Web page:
“All these figures do reflect trade deficits or negative trade balances confirming my earlier statement. Those who doubt can do the calculations. The products we export include diamonds, beef, soda ash, and those we import include cereals, vehicles, and beverages, just to mention a few. Let me hasten to say, this needs to be reversed”, said Masisi.
In Ramaphosa’s account, between January 2003 and December 2021, nine Foreign Direct Investments projects from Botswana to South Africa were recorded. He also shared that they attracted capital investment worth R3.9 billion, resulting in the creation of over 2,000 jobs. Is he happy about those levels?
“We would like to see these numbers grow exponentially”, Ramaphosa said.
An analysis of the direction of trade by Statistics Botswana shows that during the month of May 2022, South Africa supplied Botswana with imports representing 63.4 percent (P5, 315.0 million) of total imports. This entailed Fuel; Food, Beverages & Tobacco and Diamonds which contributed 22.4 percent (P1, 188.0 million), 15.7 percent (P831.8 million) and 14.6 percent (P777.8 million) to total imports from that country, respectively. Machinery & Electrical Equipment and Chemicals & Rubber Products, followed with 13.3 percent (P706.8 million) and 11.3 percent (P601.9 million) respectively. Still in May 2022, South Africa received only 6.3 percent (P557.3 million) of total exports from Botswana. This reflects an imbalance, which according to Masisi has been going on for the past 28 years if not more.
The pressure to redirect…
As it stands, a few key pressures are likely to shape future Botswana-South Africa trade pacts. In the light of the African Continental Free Trade Area agreement, which encompasses most of Africa, future trade deals between the two neighbouring countries will probably be more multilateral (as opposed to bilateral) hence more comprehensive. This means Botswana can now look into forging a variety of economic partnerships with other countries away from South Africa. Already in terms of fuel importation, Botswana has existing arrangement with another neighbour, Namibia and another southern African nation, Mozambique. Infact, state owned Botswana Oil is set to establish fuel storage facilities at Mozambican and Namibian ports with an aim to double the country’s strategic oil reserves. According to Energy ministry deputy Permanent Secretary, Nchena Mothebe, existing strategic storage facilities in Botswana, which are mainly fed by South African refineries can carry the national demand for 15 days without additional supply, but the coming on board of the Mozambique and Namibia facilities would mean Botswana collectively hold 30-day stock. Botswana consumes approximately 100 million litres of various fuels each month and receives nearly all of its supplies from South Africa.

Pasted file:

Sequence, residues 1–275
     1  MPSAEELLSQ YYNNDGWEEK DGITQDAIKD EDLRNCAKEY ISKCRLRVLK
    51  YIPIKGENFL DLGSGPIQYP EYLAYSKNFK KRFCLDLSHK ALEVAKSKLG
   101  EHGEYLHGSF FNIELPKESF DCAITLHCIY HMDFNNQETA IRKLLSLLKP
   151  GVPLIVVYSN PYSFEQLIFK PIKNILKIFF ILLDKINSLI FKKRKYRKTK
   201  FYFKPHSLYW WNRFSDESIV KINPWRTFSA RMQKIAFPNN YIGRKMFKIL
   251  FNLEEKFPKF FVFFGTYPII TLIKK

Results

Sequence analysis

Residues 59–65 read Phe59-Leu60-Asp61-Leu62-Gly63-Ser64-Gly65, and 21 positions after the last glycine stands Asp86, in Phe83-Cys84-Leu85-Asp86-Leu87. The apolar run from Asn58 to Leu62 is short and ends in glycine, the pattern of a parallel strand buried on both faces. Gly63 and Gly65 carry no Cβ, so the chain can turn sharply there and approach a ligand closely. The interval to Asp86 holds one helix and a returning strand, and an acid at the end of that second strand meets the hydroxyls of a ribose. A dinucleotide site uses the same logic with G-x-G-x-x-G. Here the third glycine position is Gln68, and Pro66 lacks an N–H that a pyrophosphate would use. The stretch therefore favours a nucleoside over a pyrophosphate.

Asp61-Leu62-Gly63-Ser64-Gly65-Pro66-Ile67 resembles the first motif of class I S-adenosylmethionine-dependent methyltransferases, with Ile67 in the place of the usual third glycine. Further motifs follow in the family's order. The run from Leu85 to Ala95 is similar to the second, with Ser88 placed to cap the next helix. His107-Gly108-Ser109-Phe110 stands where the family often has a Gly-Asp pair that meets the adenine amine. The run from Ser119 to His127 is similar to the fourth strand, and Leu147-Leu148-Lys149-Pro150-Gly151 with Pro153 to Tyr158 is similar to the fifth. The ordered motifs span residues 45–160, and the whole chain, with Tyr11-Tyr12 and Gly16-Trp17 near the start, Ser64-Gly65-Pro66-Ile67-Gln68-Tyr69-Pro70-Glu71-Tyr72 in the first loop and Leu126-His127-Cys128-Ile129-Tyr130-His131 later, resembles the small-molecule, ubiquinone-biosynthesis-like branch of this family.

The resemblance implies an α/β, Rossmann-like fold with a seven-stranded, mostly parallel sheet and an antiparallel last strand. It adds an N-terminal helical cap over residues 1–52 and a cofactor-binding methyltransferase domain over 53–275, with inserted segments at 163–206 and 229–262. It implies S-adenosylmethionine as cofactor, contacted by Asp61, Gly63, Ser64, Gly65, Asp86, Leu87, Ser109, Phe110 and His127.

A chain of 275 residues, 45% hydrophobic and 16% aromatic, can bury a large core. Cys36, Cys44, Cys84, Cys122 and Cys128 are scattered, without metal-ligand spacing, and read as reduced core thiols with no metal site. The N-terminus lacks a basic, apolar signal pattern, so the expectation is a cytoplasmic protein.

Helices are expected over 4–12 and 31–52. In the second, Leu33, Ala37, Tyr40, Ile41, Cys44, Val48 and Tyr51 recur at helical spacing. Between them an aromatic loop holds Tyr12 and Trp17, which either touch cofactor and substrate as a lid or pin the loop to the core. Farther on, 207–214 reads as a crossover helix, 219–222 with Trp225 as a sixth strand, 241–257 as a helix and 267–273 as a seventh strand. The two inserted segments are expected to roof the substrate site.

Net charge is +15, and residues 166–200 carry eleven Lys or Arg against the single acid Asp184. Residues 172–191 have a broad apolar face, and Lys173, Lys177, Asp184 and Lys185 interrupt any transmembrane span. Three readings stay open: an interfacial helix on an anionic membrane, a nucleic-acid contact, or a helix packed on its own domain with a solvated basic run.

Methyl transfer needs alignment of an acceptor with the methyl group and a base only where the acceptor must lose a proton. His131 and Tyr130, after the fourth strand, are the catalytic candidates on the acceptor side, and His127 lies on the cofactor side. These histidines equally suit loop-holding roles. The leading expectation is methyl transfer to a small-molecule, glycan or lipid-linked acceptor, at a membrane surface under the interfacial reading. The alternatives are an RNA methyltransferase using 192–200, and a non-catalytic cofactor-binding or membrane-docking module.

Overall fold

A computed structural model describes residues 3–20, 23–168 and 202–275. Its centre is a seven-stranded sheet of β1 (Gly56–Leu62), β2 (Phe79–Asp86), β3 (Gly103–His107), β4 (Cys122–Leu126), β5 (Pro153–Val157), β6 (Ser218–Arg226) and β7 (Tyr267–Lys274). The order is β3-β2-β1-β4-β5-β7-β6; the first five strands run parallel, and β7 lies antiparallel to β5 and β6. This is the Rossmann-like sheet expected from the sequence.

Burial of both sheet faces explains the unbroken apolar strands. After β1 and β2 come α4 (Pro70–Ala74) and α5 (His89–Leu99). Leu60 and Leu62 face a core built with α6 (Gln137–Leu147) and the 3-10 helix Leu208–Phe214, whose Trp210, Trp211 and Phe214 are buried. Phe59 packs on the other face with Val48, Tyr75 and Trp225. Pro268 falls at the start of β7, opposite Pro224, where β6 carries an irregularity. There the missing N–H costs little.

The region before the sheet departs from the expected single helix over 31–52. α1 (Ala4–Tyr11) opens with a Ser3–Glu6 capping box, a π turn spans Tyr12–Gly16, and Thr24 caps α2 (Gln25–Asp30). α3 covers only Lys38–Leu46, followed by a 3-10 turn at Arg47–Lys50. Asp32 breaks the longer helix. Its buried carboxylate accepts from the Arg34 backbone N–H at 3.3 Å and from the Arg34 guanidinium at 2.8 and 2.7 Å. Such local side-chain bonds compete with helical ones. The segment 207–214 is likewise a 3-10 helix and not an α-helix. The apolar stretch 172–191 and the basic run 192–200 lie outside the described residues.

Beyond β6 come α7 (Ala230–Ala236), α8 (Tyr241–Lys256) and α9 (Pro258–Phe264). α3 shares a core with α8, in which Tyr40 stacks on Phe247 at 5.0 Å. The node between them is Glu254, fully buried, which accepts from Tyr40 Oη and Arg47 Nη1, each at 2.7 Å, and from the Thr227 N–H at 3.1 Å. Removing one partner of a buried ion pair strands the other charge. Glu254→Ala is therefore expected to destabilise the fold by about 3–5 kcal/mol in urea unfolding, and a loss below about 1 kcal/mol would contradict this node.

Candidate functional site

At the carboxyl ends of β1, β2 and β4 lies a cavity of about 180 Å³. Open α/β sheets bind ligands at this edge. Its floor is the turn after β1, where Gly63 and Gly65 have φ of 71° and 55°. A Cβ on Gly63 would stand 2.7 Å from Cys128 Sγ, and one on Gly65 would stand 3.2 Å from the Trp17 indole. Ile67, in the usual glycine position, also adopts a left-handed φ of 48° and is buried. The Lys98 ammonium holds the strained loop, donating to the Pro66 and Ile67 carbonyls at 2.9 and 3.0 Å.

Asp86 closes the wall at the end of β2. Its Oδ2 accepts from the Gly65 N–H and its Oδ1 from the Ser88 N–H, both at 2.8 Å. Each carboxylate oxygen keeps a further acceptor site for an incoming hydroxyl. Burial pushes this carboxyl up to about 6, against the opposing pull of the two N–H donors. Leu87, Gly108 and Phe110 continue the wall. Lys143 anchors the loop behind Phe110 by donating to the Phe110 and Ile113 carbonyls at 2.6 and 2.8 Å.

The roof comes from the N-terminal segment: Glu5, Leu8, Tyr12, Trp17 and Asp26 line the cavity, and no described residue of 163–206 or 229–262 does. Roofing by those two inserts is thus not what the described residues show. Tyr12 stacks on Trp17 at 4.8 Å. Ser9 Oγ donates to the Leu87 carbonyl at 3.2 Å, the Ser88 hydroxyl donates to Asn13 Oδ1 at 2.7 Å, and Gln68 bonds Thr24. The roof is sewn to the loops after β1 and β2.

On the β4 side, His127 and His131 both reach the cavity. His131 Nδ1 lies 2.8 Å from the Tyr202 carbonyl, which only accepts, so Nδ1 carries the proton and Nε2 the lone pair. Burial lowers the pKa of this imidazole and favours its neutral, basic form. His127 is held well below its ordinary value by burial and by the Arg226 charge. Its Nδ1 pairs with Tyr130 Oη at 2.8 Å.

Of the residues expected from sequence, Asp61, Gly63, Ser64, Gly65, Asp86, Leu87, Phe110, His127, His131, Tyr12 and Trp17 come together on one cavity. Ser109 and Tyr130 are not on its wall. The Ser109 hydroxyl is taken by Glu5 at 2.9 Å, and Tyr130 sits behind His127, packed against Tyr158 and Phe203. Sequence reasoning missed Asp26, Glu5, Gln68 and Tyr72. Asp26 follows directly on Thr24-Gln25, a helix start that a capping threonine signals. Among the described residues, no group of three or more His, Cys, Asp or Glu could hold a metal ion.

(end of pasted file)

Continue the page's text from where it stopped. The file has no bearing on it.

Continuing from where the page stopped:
In their opening remarks, both Masisi and Ramaphosa emphasised the importance of the African Continental Free Trade Area agreement.
“The AfCFTA brings an opportunity for all of us to embrace. Therefore, we hope that we will work together to harness the opportunities that lie ahead, and take advantage of the existing manufactured products to be availed for value chains”, said Masisi.
For his part, Ramaphosa said that new markets in West, East, North and Central Africa hold immense potential for both South Africa and Botswana.
“We will be able to produce and export local goods, products and services to our fellow African countries that would otherwise be sourced from outside the continent”.
Moving forward, it is clear after the business forum what a new trade deal between the two neighbours should entail: For Botswana, It must offer an opportunity to industrialise. For South Africa, it must provide the chance to rid itself of an international trade policy that quashes job-creation for her neighbours and hinders efforts to stem economic integration.